According to the Group’s report, only 4 per cent of Kenyan households fell into the middle class category that year, which the Group placed as those that had an income of roughly between Sh60,000 ($600) and Sh300,000 ($3,000) a month. Using this definition, the vast majority of the country’s households – a staggering 92 per cent – were considered low income i.e. those that earned under Sh40,000 ($400) a month. These figures were validated by an Ipsos Limited survey that showed that 93 per cent of Kenyan adults earned less than Sh40,000 a month and 43 per cent earned less than Sh10,000 ($100) a month.
These statistics fly in the face of African Development Bank figures that place Africa’s middle class as those that earn between $4 and $20 a day, or between about Sh12,000 and Sh60,000 a month.
Anyone living in Kenya, where the cost of living is extremely high and where there are very few free or subsidised services, knows that if you earn Sh12,000 a month, you are definitely not middle class, and that if you earn Sh60,000 shillings a month, you are really struggling to pay for food, rent and school fees, and are more likely to live in a slum than in a middle class neighbourhood. Yet, it is these kinds of figures that international financial institutions use to elevate countries to middle-income status.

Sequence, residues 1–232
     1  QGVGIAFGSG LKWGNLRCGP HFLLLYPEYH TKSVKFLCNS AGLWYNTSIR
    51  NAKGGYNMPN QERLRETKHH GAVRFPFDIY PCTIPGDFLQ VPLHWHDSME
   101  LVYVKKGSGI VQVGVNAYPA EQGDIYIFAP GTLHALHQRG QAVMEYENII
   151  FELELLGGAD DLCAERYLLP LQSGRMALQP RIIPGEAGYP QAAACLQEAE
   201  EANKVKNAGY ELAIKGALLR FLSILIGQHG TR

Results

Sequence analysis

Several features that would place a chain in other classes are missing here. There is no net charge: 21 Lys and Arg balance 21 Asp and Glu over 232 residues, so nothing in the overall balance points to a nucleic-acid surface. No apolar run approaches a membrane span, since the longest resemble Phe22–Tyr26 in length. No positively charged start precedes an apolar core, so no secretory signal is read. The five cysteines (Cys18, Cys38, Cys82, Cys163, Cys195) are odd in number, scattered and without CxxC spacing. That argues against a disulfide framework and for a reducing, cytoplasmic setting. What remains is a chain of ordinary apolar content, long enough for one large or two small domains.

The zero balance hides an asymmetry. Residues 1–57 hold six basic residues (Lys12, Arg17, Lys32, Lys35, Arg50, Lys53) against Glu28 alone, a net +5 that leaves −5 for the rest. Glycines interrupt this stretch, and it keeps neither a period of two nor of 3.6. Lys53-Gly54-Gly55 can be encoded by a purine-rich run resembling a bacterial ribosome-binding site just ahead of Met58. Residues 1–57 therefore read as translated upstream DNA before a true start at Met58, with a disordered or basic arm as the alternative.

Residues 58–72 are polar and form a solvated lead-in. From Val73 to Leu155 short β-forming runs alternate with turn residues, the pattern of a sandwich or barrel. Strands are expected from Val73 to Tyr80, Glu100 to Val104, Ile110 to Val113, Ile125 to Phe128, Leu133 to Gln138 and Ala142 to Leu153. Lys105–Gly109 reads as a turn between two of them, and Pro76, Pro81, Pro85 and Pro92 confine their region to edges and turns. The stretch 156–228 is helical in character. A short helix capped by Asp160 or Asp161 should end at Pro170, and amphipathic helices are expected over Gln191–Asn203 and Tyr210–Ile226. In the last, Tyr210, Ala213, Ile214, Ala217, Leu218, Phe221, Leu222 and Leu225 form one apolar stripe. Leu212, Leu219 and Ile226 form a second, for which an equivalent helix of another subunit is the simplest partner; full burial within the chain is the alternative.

Alston is also sceptical of the UN’s Sustainable Development Goals (SDGs), which he says are pegged on economic growth and private sector funding. (The SDGS, adopted in 2015, are a set of 17 goals, including eradicating poverty, achieving gender equality, combatting climate change and promoting sustained inclusive and sustainable economic growth by 2030.)